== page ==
After addressing environmental, political, caste, language and population control issues, telecom player Idea Cellular's latest television commercial, built around the 'What an Idea' thought, turns attention to marital discord.
In the film, a son deliberately swaps his parents' phones so that each spends one day receiving calls meant for the other. By the end of the day, this 'telephone exchange' (don't miss the play on words, here) evokes some much needed empathy on the part of both partners. Towards the end of the ad, the words 'Ek doosre ko samajhne ke liye telephone exchange -- What an idea!' serve to tie the ad back to the brand's long-standing 'What an Idea' umbrella.
With this ad, the brand - that has so far crusaded for social issues such as caste/language barriers, population explosion and voting woes through its 'larger than life' advertising -- has opted to use what it calls a "closer to life" story. "The ad addresses an issue that is relevant and can inspire a large part of our society," conveys the creative team in an official communiqué.
Arun Iyer, national creative director, Lowe Lintas & Partners tells afaqs! that it is a misconception that the creative folk on the Idea account actively look for social issues to exploit in their ads for the brand. Rather, he clarifies, "We just look for 'telephony ideas' that can change people's lives."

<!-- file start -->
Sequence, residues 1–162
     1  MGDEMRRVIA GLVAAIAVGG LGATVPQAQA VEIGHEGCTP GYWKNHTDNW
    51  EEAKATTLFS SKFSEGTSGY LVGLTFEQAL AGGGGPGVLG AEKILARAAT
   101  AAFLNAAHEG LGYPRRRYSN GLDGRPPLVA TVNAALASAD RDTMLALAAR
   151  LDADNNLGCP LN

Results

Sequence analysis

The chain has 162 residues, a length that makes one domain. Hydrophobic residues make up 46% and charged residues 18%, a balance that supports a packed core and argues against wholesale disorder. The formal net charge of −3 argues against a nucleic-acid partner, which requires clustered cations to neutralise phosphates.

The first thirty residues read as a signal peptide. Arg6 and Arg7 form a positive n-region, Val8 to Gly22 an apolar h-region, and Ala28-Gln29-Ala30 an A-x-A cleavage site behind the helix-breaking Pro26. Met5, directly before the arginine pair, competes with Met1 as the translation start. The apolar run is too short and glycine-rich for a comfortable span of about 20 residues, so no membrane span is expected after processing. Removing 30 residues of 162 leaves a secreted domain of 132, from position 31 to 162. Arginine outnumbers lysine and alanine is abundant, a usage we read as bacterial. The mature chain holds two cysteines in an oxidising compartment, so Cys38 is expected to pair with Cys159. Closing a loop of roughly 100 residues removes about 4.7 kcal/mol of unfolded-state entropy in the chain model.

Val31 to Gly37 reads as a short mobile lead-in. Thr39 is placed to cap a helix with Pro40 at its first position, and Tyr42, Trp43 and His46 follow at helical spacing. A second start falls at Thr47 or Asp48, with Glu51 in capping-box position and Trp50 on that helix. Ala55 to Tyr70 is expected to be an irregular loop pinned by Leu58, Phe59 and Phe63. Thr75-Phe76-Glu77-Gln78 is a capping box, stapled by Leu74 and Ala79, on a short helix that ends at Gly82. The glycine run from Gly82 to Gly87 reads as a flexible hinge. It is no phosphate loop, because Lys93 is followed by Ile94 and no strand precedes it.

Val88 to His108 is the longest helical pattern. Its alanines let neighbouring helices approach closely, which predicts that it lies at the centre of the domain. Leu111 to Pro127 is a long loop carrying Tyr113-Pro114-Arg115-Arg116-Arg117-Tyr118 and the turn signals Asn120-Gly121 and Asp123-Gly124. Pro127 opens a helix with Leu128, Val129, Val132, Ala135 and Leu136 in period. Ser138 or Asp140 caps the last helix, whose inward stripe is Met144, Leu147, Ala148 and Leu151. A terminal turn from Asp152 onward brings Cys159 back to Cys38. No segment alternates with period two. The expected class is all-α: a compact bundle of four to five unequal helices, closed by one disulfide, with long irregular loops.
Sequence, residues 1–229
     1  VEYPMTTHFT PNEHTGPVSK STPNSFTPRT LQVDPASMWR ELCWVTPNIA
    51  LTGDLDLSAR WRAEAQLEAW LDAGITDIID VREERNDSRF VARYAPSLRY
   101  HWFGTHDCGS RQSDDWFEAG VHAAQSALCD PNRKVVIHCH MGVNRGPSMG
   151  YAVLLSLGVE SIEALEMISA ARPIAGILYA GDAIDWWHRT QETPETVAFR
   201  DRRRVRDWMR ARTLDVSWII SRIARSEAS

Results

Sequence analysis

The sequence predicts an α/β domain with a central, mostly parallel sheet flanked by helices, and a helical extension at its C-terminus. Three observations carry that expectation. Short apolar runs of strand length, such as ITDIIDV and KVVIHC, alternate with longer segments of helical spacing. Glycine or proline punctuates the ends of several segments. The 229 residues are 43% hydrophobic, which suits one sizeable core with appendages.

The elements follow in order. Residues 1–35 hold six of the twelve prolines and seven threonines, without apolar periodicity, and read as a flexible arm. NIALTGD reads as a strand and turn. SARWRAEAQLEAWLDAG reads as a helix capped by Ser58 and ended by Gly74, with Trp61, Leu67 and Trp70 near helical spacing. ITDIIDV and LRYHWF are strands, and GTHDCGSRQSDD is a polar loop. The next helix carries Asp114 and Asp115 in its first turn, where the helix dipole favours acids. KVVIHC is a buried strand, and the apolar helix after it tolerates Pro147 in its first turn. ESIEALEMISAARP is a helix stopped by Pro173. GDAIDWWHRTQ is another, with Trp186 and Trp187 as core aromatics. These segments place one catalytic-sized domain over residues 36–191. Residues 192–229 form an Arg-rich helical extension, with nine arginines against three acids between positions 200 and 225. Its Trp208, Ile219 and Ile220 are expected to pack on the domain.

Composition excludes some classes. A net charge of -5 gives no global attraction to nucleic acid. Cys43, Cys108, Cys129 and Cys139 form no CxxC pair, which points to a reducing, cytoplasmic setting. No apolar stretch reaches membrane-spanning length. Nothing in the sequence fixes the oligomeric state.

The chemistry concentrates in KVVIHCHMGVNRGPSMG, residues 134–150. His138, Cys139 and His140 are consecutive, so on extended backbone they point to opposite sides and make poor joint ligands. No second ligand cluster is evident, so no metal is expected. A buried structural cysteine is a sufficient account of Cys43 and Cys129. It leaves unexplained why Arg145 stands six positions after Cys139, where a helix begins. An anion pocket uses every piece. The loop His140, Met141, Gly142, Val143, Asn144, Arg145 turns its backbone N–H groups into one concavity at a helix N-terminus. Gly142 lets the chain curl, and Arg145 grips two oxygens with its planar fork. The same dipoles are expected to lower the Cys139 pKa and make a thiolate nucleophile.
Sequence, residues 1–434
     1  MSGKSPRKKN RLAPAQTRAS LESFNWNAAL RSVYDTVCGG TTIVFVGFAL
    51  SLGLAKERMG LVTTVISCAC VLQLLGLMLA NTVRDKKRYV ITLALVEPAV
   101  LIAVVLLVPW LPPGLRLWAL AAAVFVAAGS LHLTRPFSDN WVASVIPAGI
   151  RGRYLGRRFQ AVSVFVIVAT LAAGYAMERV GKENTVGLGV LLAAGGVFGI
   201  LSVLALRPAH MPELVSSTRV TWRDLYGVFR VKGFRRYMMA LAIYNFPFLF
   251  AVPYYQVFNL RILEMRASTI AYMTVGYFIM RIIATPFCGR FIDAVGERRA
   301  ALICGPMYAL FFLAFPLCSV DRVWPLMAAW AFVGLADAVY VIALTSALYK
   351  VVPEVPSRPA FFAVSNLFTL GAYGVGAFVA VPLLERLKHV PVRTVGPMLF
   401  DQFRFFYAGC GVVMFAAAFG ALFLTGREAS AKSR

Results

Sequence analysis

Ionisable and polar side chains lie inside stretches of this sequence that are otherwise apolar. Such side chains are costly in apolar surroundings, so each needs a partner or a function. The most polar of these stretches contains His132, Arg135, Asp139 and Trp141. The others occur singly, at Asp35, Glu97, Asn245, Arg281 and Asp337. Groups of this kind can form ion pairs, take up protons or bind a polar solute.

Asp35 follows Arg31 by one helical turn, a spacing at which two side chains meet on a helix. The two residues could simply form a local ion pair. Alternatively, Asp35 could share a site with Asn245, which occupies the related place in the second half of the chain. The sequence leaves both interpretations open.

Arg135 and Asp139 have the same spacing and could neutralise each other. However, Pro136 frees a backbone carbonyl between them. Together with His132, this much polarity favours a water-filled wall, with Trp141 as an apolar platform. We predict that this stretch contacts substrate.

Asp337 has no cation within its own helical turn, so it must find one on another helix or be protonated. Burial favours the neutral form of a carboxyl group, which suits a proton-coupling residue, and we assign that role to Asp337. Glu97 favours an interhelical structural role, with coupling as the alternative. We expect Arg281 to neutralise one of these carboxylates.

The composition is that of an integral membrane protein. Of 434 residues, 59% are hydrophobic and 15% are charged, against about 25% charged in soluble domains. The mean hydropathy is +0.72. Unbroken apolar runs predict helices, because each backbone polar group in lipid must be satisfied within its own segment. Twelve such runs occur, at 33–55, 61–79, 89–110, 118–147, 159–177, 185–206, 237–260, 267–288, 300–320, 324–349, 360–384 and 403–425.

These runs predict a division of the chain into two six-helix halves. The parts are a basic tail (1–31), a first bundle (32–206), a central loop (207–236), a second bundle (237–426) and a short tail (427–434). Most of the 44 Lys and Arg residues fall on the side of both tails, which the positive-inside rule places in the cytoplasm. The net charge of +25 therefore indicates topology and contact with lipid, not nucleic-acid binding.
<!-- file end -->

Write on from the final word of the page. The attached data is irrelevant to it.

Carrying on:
Yes! Experts are quick to tell afaqs! how much they "love" the ad. They feel it takes the overall 'What an Idea' thought forward in a competent manner.
Suraja Kishore, national planning director, Publicis Ambience is more vocal with his appreciation. "I simply love it. It's well executed and there is enough drama for repeat views. The casting is good and the acting, real," he says.
According to him, the ad is not just engaging from a creative point of view, but takes the overall brand thought forward from a strategy perspective, too (from 'cell phones solving societal problems' to 'cell phones playing an active role in improving the understanding between couples').
About the insight, Kishore reasons that since it's not an 'imaginative' or 'intellectual' insight, and rather a 'life insight', it'll resonate with consumers, get them to identify with it and fetch the brand huge affinity and traction.
Moreover, he feels that the kid playing an active role in the ad will add another dimension to the brand, namely, that of being 'endearing'. "Kids are going to love it. I won't be surprised if some of them imitate the ad and swap their parents' phones for the same effect," he enthuses.